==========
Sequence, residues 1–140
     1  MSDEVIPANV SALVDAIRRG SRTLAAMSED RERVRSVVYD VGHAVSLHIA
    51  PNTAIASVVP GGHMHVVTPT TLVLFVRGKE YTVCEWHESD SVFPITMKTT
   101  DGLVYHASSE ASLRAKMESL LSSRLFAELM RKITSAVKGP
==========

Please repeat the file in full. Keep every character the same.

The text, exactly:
Sequence, residues 1–140
     1  MSDEVIPANV SALVDAIRRG SRTLAAMSED RERVRSVVYD VGHAVSLHIA
    51  PNTAIASVVP GGHMHVVTPT TLVLFVRGKE YTVCEWHESD SVFPITMKTT
   101  DGLVYHASSE ASLRAKMESL LSSRLFAELM RKITSAVKGP